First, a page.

By Rick Pfeifferemail@example.com
Bank Miller knows a bit about what it takes to survive on the streets.
“I’ve been involved in shootings,” he says as he takes a break on the Niagara Falls Police Department’s firearms range.
More than that, he won’t say. A longtime federal Drug Enforcement Administration agent, and the agency’s former chief firearms instructor, Miller has been in situations he can’t recount to a reporter.
However, retired now from active law enforcement work, Miller’s new mission in life is keeping cops alive on the streets. He does that as the director of training for Action Target, one of the largest weapons training and supply companies in the world.
“We would hope that officers are never involved in shootings,” Miller said, “but if they are, they can be prepared (to survive).”
Miller was in the Falls to attend the retirement party of Falls Range Officer Bobby Gee. They have been friends since they met while Gee was taking one of Miller’s training courses.
As important as being a good shot is to staying alive, Miller begins his training by concentrating on an officer’s mindset. He says even spirituality and religion play a role in being prepared to defend yourself.
“You know we are brought up (religiously) to value every human life,” Miller said. “And now we put you (a police officer) on a job where you may one day have to take a one, that’s not always easy (to reconcile).”
From his days in the DEA, Miller says he began to develop a sense of what it takes to survive a cop’s nightmare.
“We would always debrief agents who were involved in shootings, but it’s hard, if you haven’t been in a shooting, to explain the mindset you need to survive,” Miller said. “None of us know for sure how we’re going to do under the stress of a shooting.”
Experience shows most police involved shootings take place in very close quarters, at short distances and happen very quickly, usually in a matter of seconds.
“From the time you recognize a danger and react to it, is maybe three seconds,” Miller said. “I look at my job, through training and tactics, to reduce that time.”
As Miller works with a small group of Falls police officers he smiles gently and rolls his eyes as they work on some of the basics he believes they need to know to stay safe.
“There’s only one way I can change their habits in one day,” Miller said, “and that’s with a two-by-four, but we can’t do that.”
His drills are rigorous. The approach, deadly serious. Miller also isn’t afraid to “break some of the rules” that officers have learned in their previous firearms training.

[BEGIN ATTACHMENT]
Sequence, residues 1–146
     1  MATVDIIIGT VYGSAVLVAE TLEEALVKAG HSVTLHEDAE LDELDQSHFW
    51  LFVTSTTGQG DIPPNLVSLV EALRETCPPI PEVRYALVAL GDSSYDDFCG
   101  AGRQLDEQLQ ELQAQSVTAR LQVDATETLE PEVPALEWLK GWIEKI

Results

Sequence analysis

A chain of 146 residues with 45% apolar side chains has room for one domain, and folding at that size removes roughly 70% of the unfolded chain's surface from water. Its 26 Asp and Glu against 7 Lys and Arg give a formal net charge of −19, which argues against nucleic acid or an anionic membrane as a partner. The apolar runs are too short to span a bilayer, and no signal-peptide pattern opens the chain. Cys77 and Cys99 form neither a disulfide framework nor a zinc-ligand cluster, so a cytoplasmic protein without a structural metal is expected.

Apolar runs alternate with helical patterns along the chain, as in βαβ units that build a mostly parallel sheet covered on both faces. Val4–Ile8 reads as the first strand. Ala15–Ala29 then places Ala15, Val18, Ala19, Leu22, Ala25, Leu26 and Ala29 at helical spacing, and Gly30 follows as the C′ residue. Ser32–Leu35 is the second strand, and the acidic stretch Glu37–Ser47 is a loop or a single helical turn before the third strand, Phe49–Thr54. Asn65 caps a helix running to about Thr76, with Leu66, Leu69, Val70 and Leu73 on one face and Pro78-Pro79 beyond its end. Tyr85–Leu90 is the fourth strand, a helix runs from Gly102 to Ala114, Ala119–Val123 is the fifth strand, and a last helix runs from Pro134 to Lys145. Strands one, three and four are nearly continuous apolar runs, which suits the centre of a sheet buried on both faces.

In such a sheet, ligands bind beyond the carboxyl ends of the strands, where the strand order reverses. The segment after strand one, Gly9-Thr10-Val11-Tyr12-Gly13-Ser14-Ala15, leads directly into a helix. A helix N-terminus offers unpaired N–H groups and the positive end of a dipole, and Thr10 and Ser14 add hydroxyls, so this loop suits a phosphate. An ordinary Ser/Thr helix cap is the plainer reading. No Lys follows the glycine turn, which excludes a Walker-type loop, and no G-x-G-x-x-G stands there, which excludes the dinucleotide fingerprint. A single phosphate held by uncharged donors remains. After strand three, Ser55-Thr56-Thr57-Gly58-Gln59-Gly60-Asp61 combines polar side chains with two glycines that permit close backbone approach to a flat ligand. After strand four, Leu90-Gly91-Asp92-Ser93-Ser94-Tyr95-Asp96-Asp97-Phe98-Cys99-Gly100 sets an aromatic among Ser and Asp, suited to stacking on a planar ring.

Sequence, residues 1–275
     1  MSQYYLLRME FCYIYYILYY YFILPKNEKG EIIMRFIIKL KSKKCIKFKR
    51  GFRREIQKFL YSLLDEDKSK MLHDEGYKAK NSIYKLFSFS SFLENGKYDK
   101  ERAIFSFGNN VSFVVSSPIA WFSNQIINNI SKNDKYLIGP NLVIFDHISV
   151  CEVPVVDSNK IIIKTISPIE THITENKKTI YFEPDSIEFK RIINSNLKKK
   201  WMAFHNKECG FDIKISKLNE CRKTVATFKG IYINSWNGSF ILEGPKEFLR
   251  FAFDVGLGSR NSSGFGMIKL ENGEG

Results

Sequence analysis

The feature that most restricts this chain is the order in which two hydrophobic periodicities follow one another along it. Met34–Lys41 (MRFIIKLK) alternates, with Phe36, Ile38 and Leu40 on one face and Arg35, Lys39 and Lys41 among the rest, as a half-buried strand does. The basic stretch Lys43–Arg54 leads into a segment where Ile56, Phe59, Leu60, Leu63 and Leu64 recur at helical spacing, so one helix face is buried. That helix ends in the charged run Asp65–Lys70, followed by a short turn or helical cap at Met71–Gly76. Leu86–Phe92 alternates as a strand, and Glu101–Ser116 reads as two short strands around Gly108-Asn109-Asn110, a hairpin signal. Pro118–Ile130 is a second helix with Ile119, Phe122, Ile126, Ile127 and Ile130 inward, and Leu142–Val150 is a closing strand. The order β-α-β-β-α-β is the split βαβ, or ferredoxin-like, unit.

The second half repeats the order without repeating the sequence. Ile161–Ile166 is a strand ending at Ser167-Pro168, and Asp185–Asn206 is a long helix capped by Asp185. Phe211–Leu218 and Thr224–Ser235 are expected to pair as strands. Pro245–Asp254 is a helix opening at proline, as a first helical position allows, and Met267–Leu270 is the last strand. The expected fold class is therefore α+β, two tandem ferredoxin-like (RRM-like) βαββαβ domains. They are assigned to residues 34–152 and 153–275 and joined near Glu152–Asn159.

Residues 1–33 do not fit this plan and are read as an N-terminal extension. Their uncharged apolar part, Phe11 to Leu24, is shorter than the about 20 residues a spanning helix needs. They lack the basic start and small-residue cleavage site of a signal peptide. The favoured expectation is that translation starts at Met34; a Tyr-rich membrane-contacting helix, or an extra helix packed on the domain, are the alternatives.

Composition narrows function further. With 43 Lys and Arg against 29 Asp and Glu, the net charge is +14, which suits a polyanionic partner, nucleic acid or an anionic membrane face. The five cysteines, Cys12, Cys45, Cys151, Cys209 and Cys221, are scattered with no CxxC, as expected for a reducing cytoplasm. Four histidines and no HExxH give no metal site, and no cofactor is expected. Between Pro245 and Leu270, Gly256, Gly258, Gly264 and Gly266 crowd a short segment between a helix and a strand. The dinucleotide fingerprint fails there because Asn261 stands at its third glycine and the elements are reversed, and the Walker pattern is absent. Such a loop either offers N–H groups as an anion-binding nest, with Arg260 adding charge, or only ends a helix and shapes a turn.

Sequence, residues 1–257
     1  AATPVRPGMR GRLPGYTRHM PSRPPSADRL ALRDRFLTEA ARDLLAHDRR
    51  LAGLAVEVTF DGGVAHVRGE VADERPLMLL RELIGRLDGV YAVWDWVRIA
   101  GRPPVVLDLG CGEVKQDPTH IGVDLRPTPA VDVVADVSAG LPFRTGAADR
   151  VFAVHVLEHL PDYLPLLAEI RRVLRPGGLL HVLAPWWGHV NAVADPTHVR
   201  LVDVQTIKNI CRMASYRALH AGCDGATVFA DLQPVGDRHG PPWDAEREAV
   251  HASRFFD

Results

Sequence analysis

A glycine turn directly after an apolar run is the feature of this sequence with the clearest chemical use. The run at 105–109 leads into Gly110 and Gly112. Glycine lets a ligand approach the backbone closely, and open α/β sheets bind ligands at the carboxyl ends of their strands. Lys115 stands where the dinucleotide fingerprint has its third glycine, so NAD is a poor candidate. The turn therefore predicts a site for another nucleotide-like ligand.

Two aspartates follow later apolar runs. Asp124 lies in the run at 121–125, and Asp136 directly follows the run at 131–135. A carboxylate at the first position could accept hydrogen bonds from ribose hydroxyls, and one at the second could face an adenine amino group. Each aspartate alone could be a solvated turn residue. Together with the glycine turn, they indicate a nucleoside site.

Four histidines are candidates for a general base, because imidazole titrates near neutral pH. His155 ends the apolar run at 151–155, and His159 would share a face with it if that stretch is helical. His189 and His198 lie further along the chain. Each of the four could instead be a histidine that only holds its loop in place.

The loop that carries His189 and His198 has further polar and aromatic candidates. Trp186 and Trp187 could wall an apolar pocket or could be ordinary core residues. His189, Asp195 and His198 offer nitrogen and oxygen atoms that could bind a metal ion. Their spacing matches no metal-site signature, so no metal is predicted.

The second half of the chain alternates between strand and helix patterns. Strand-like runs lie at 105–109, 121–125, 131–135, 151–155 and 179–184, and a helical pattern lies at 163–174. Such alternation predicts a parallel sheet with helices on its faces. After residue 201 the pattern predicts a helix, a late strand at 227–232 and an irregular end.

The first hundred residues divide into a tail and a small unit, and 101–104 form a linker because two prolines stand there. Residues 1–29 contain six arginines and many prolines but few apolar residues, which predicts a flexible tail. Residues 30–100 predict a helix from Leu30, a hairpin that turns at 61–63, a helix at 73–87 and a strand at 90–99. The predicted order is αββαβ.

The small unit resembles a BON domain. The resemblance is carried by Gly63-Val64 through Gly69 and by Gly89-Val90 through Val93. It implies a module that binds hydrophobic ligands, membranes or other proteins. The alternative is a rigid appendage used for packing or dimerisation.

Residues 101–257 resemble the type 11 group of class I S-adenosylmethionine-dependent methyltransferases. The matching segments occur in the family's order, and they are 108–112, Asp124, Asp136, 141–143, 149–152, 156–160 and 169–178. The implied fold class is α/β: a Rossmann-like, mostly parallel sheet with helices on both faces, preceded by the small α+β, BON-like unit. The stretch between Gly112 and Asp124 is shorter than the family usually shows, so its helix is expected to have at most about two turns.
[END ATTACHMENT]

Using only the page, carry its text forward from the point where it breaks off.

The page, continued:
“I’m not critical of they way they were trained,” he said. “I’m just saying I know what works (on the streets). (Some firearms instructors) worry about bulls-eyes. I’m worrying about street survival. Targets aren’t shooting back.”
So, when he tells officers that gripping the gun can be as important as trigger movement and you don’t always need to keep “sighting” a target to shoot at it, he raises eyebrows. In his drills with the Falls officers he even has them fire rounds with their eyes closed.
“Marsha, you do better with your eyes closed,” he said teasingly to Officer Marsha Gee. “The closed eye drill teaches them to move with their gun, to use their pistol as a third eye.”
Training like Miller’s isn’t common in most local police agencies. While federal law enforcement invests heavily in firearms training, little more than basic instruction is available to town and city cops.
“With what we face today, I really don’t think (law enforcement agencies) take (the dangers) as seriously they should,” Miller said. “But I understand the (budget and time) constraints some departments face.”
Increasingly, Miller says, he sees the burden on on-going firearms training being placed squarely on the shoulders of individual officers.
“The trouble is, officers don’t want to give up their time, they want to have the department do it,” he said. “I think they need to realize they might have to take some of their own time. It’s up to the individual officer what they’re going to do (to keep themselves safe).”
At least one of his students here believes Miller’s training, if she practices it, will make her safer.
“I think it will definitely help me,” Marsha Gee said. “I think I learned a lot.”
Her father, who survived a shoot-out with street gang members and has taught generations of cops how to shoot, said he feels better now that she has had some exposure to Miller’s teaching.
“I feel confident that she will survive a deadly encounter on the street,” Bobby said. “I teach guys how to hit the bulls-eye, but (Miller) teaches them how to survive.”